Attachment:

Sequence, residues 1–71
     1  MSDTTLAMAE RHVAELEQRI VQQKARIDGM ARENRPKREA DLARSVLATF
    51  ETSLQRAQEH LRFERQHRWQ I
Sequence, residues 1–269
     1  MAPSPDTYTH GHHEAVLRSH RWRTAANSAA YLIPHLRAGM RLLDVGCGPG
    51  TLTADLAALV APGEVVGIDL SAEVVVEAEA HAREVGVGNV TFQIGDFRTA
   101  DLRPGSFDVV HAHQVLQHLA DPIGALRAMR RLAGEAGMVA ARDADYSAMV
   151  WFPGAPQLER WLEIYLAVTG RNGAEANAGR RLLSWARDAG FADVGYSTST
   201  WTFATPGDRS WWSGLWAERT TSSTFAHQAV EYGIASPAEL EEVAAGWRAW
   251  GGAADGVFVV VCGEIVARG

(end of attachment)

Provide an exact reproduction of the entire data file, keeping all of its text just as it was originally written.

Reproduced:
Sequence, residues 1–71
     1  MSDTTLAMAE RHVAELEQRI VQQKARIDGM ARENRPKREA DLARSVLATF
    51  ETSLQRAQEH LRFERQHRWQ I
Sequence, residues 1–269
     1  MAPSPDTYTH GHHEAVLRSH RWRTAANSAA YLIPHLRAGM RLLDVGCGPG
    51  TLTADLAALV APGEVVGIDL SAEVVVEAEA HAREVGVGNV TFQIGDFRTA
   101  DLRPGSFDVV HAHQVLQHLA DPIGALRAMR RLAGEAGMVA ARDADYSAMV
   151  WFPGAPQLER WLEIYLAVTG RNGAEANAGR RLLSWARDAG FADVGYSTST
   201  WTFATPGDRS WWSGLWAERT TSSTFAHQAV EYGIASPAEL EEVAAGWRAW
   251  GGAADGVFVV VCGEIVARG